Maverick: The Truth Behind Reality
by Farzana Versey
Covert, November 15-30
No one would go to court against ten spoilt brats getting themselves a slum buddy to live the lives of the dirt streets in the Big Switch. It was appalling in its subverted exhibitionism. Minor celebrities were taught survival skills that included the pairs to hawk wares at a traffic signal, polish boots at the railway station, collect garbage, sell fish to win and fulfil the dreams of the slum kid. This veneer of generosity is a façade. The underlying message is that small people will do small things and their needs can be realised only with a helpful and presentable sugar daddy-mommy.
Must we then smirk at reality television? Not quite. There was the heart-warming story on another show where a group of labourers won purely on the strength of their art. There is no doubt an element of voyeurism in the genre, but news channels rehearse such forced realism on a regular basis. There are instances where participants are tutored on what to say before the cameras.
The need for revelation is inherent for we are what we wear and how we think. Thoughts manifest themselves in gestures. It can be a microcosmic lesson in anthropology. The human is the performing monkey and the laboratory rat.
America has mastered the art. I recall watching the most absurd antics on the Phil Donahue show, including episodes of breaking wind and barfing into plates. Is it merely bizarre, a put on? Even if this is so, it works as an eye-opener to show the extent to which we have become socialised to curb natural reflexes.
Those sitting on their high horses use the ruse of one-liner concern about “exploitation of those poor things” while holding forth on the subject themselves.
The problem lies not in what is disclosed, but who does it. Italian Prime Minister Silvio Berlusconi’s bedtime stories make it to the market, people salivate, and there are discussions about impropriety. The escort girl wants to share a bit of the limelight. It isn’t everyday that the head of government comes visiting. This is reality. But the big man will be considered a naughty stud; she will be seen as a gold digger. It is not about gender alone. Princess Diana’s famous television interview was catharsis, a public display of a very private life. Paris Hilton’s steamy video got her default points which she continues to live off. Drugs, sex, shoplifting, pregnancies, quick marriages, messy break-ups, are all indulged because the person is rich and famous.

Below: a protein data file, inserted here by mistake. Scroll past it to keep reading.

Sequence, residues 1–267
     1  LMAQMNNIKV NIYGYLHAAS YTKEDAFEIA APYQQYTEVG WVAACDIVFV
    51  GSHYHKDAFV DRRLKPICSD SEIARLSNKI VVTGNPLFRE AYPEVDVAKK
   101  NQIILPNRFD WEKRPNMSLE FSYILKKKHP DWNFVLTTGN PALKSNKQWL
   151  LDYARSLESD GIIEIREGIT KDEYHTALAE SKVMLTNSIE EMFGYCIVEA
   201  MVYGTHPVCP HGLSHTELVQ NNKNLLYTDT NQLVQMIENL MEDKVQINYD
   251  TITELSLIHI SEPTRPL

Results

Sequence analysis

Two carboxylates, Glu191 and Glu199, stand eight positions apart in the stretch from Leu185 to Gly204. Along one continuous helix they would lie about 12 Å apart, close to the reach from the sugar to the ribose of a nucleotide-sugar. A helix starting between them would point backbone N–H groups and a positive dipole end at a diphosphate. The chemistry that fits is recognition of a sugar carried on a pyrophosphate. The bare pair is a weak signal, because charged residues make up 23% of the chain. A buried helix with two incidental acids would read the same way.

No one really minds as contestants share a house, faking fights and love in the Big Boss. No one has questioned the channel that put up a Swayamwar and the couple decided not to marry. No one says anything as people watch film stars and celebrities bare their all in an attempt at being frank.
A flogging video reaches a level of frenzy because it is elevated to that point of orgiastic ecstasy akin to a vicarious comfort we get through other people’s misery. There is a genre of misery literature that operates in confessional mode, and it is often by well-known writers. Why this dignifying of the same old regurgitation technique? How different is it from opening up before an audience?
Change track. Put a middle-class person in the seat and let the skeletons pop out. The moralists fume. Court cases are filed. I bring in Sach ka Saamna at this juncture because it revealed how society refuses to accept that ordinary people can have lives that are not bound by strictures. The emphasis of the opposition was on promiscuity, adultery, sexual experimentation. No one was bothered that many of the contestants were speaking about putting their co-workers at risk, cheating their bosses, their greed for fame and money. It only shows that these are not issues that matter or cause any ethical pangs.
It is ironical that those who are cocooned leave their cotton wool existence every once in a while to show off slashes, whereas the ones who are marred and scarred on a daily basis do not have that luxury. Selective consciences are extremely territorial.